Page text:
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Simulated Shelves: Browse April 2015 New Books

We are delighted to present a selection of our newly published April 2015 titles from our core subjects of Anthropology, Educational Studies, Genocide Studies, History, Politics, Refugee & Migration Studies, and Theory & Methodology in Anthropology, along with a selection of our New in Paperback titles.

 

We are especially excited to announce the publication of WHAT IS EXISTENTIAL ANTHROPOLOGY? edited by Michael Jackson and Albert Piette

“This is a book whose time has come . . . Focusing on themes like contingency, the open-endedness of life projects, and the lived tension between emergent properties like security and freedom, existential anthropology attends to the human condition rather than just culture.” · Don Seeman, Emory University

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WHAT IS EXISTENTIAL ANTHROPOLOGY?
Edited by Michael Jackson and Albert Piette

 

What is existential anthropology, and how would you define it? What has been gained by using existential perspectives in your fieldwork and writing? Editors Michael Jackson and Albert Piette each invited anthropologists on both sides of the Atlantic to address these questions and explore how various approaches to the human condition might be brought together on the levels of method and of theory. Both editors also bring their own perspective: while Jackson has drawn on phenomenology, deploying the concepts of intersubjectivity, lifeworld, experience, existential mobility, and event, Piette has drawn on Heidegger’s Dasein-analysis, and developed a phenomenographical method for the observation and description of human beings in their singularity and ever-changing situations.

 

 

 

 

 

MULTIDIMENSIONAL CHANGE IN SUDAN (1989–2011)
Reshaping Livelihoods, Conflicts and Identities
Edited by Barbara Casciarri, Munzoul A.M. Assal and François Ireton

 

Based on fieldwork largely collected during the CPA interim period by Sudanese and European researchers, this volume sheds light on the dynamics of change and the relationship between microscale and macroscale processes which took place in Sudan between the 1980s and the independence of South Sudan in 2011. Contributors’ various disciplinary approaches—socio-anthropological, geographical, political, historical, linguistic—focus on the general issue of “access to resources.” The book analyzes major transformations which affected Sudan in the framework of globalization, including land and urban issues; water management; “new” actors and “new conflicts”; and language, identity, and ideology.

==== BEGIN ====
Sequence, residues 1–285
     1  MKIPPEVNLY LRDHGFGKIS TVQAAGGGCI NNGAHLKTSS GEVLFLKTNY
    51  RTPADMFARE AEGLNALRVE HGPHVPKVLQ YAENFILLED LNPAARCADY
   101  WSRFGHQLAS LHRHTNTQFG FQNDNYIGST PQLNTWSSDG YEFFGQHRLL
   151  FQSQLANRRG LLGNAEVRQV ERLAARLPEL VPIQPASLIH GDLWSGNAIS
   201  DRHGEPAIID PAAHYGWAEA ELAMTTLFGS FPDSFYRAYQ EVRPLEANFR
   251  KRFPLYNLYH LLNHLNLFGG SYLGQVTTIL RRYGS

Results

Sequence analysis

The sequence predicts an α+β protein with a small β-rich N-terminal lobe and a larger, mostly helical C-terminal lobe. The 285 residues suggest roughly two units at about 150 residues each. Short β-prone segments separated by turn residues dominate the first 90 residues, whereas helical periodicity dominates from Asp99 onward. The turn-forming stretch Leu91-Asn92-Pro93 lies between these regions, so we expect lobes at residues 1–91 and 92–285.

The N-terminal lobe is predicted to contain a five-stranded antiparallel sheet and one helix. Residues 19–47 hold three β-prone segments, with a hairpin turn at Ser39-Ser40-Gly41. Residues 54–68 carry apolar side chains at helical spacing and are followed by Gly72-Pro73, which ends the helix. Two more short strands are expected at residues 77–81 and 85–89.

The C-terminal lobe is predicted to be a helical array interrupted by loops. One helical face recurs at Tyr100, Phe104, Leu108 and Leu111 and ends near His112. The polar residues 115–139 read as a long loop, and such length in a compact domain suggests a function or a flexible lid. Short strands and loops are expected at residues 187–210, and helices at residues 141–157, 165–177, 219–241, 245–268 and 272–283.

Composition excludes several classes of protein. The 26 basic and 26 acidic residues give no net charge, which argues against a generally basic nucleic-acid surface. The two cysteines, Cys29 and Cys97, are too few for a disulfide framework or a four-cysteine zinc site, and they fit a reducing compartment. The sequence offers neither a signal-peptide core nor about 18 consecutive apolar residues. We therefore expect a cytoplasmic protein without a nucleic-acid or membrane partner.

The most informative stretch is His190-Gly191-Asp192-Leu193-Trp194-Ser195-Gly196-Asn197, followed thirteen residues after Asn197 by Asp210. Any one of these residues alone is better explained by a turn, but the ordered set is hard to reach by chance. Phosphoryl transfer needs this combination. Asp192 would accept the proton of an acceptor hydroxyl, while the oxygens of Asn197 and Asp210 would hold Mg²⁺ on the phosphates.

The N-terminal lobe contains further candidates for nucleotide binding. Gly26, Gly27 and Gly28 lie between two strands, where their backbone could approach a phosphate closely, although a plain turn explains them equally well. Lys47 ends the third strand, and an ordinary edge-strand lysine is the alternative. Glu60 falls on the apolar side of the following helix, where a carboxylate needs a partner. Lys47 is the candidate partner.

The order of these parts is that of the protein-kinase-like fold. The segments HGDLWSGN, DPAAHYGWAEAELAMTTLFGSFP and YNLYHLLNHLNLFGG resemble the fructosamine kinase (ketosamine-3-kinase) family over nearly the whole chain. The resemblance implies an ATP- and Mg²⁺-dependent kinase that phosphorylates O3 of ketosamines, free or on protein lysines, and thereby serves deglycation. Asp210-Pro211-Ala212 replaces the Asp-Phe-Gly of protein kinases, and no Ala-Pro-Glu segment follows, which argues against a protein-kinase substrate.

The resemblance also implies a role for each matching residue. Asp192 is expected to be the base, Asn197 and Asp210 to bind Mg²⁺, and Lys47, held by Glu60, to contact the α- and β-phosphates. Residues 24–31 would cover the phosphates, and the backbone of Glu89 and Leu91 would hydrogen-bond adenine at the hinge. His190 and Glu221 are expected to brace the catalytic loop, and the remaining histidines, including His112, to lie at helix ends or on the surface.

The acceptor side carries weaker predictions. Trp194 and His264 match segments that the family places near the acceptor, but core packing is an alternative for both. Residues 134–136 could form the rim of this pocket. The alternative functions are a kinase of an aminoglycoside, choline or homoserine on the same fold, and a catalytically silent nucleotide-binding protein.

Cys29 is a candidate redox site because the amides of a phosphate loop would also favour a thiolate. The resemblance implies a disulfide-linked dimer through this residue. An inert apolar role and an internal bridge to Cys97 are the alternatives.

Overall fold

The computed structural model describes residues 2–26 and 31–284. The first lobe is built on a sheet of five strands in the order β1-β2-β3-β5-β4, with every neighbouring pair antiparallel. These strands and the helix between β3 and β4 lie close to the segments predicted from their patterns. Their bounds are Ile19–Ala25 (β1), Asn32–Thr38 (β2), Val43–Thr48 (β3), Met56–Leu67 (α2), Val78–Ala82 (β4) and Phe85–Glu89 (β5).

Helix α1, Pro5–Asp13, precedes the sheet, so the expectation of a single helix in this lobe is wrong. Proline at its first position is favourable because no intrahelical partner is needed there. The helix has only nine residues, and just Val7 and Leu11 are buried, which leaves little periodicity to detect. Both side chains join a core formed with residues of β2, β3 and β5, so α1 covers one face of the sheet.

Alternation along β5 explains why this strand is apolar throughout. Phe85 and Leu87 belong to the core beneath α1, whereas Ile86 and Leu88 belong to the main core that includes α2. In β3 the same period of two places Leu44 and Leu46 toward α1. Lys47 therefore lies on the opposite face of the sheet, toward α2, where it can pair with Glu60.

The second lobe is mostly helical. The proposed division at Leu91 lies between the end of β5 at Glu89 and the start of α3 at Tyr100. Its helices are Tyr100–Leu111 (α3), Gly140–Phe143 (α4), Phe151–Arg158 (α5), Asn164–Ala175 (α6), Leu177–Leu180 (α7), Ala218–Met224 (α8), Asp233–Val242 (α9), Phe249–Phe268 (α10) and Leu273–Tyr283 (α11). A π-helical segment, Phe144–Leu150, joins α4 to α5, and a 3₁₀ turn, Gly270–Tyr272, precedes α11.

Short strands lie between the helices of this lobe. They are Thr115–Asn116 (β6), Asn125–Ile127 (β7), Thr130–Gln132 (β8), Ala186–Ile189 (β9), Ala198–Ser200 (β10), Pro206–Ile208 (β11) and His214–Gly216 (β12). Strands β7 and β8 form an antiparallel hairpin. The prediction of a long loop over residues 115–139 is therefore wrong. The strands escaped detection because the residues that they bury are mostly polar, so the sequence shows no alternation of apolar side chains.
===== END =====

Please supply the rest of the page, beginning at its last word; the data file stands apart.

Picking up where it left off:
RECLAIMING THE FOREST
The Ewenki Reindeer Herders of Aoluguya
Edited by Åshild Kolås and Yuanyuan Xie

 

The reindeer herders of Aoluguya, China, are a group of former hunters who today see themselves as “keepers of reindeer” as they engage in ethnic tourism and exchange experiences with their Ewenki neighbors in Russian Siberia. Though to some their future seems problematic, this book focuses on the present, challenging the pessimistic outlook, reviewing current issues, and describing the efforts of the Ewenki to reclaim their forest lifestyle and develop new forest livelihoods. Both academic and literary contributions balance the volume written by authors who are either indigenous to the region or have carried out fieldwork among the Aoluguya Ewenki since the late 1990s.

 

 

 

 

 

 

THE FRANCO-MAURITIAN ELITE
Power and Anxiety in the Face of Change
Tijo Salverda

 

Mauritian independence in 1968 marked the end of a regime favorable to the Franco-Mauritians, the island’s white colonial elite. Now, in postcolonial Mauritius, this group is faced with a much more diverse power constellation and often feels in competition with others vying for their privileges. Though this is a clear departure from the colonial heydays, Franco-Mauritians have been able to continue their elite position into the early twenty-first century. This book focuses on the power of white elites still lingering on in postcolonial realities, and with regards to elites and power in general, addresses anew how an elite group aims to prolong its position over time.

 

 

 

 

 

LIVING KINSHIP IN THE PACIFIC
Edited by Christina Toren and Simonne Pauwels